Report on Pavlof (United States) — 14 September-20 September 2022
Smithsonian Institution / US Geological Survey
Weekly Volcanic Activity Report, 14 September-20 September 2022
Managing Editor: Sally Sennert.
Please cite this report as:
Global Volcanism Program, 2022. Report on Pavlof (United States) (Sennert, S, ed.). Weekly Volcanic Activity Report, 14 September-20 September 2022. Smithsonian Institution and US Geological Survey.
55.417°N, 161.894°W; summit elev. 2493 m
All times are local (unless otherwise noted)
AVO reported that a minor eruption at a vent on Pavlof’s upper E flank was ongoing during 13-20 September. Seismic tremor persisted. New lahar and minor ash deposits extending less than 900 m from the vent were visible during 11-13 September. Strong incandescence at the vent and from an area within 200 m downslope was visible in webcam images starting on 14 September, signifying the emplacement of a short lava flow. Elevated surface temperatures over the vent and flow were identified in satellite images through 20 September; lava effusion continued but no active lava flows extended down the flank from the vent. Explosions were recorded during 18-19 September and steam emissions were visible in webcam images during 19-20 September. The Volcano Alert Level remained at Watch and the Aviation Color Code remained at Orange.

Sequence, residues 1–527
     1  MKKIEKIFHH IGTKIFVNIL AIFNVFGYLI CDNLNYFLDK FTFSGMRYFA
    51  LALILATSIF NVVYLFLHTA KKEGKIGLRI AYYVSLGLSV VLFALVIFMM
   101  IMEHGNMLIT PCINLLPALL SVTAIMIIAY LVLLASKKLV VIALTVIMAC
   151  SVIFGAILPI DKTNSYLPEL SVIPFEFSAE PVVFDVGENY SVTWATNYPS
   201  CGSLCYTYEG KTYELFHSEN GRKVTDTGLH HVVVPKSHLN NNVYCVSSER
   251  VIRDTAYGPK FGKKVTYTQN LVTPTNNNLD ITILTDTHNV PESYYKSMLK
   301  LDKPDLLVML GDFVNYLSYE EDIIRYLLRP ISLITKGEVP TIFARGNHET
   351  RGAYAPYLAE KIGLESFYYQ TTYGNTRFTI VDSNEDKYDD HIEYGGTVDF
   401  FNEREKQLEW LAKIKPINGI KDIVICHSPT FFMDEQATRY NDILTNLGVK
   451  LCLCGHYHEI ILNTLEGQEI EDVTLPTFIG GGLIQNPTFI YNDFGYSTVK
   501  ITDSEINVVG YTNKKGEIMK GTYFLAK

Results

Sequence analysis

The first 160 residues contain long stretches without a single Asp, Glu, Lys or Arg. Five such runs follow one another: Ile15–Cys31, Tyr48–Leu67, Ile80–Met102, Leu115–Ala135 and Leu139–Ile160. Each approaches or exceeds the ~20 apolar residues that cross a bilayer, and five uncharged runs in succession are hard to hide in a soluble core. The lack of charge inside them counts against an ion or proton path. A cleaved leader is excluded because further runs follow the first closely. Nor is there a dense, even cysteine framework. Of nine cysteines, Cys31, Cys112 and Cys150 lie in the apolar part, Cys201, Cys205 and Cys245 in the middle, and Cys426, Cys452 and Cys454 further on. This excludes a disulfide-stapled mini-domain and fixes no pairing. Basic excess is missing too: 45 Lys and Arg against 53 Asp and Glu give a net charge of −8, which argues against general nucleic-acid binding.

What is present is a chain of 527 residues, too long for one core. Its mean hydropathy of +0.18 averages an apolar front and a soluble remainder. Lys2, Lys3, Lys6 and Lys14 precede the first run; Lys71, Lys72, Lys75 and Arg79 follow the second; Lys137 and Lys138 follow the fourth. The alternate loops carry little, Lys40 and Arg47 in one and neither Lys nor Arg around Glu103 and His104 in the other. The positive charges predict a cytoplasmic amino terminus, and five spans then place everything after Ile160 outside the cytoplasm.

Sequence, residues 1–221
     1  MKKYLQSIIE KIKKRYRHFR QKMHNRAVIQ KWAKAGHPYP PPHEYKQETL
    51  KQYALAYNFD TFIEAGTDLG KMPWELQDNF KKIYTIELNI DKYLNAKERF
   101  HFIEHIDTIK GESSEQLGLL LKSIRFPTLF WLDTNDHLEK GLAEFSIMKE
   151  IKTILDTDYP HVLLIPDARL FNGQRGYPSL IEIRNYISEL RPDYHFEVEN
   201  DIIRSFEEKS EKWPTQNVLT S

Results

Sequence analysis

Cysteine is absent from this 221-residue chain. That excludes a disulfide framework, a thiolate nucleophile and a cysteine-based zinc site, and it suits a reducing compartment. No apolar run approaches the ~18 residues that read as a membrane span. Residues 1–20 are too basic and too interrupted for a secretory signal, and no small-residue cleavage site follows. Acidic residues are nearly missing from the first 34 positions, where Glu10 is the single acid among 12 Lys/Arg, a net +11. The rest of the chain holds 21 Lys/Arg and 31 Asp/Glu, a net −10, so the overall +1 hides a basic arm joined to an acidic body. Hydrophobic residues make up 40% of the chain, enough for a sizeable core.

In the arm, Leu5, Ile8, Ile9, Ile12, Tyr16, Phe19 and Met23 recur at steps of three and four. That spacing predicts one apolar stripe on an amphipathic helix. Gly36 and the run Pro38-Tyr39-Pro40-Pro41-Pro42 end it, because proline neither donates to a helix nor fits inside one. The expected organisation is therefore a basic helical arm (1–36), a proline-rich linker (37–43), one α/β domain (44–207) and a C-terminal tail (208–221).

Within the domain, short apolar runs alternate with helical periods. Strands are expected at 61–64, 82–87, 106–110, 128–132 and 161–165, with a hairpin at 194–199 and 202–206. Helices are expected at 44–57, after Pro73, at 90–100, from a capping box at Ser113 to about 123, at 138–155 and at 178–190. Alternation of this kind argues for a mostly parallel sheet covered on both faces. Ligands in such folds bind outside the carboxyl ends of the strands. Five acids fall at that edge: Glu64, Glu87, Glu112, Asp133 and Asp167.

Geological Summary. The most active volcano of the Aleutian arc, Pavlof is a Holocene stratovolcano that was constructed along a line of vents extending NE from the Emmons Lake caldera. Pavlof and Pavlof Sister to the NE form a dramatic pair of symmetrical, glacier-covered stratovolcanoes that overlook Pavlof and Volcano bays. Little Pavlof is a smaller cone on the SW flank of Pavlof volcano, near the rim of Emmons Lake caldera. Unlike Pavlof Sister, eruptions have frequently been reported from Pavlof, typically Strombolian to Vulcanian explosive eruptions from the summit vents and occasional lava flows. The active vents lie near the summit on the north and east sides. The largest recorded eruption took place in 1911, at the end of a 5-year-long eruptive episode, when a fissure opened on the N flank, ejecting large blocks and issuing lava flows.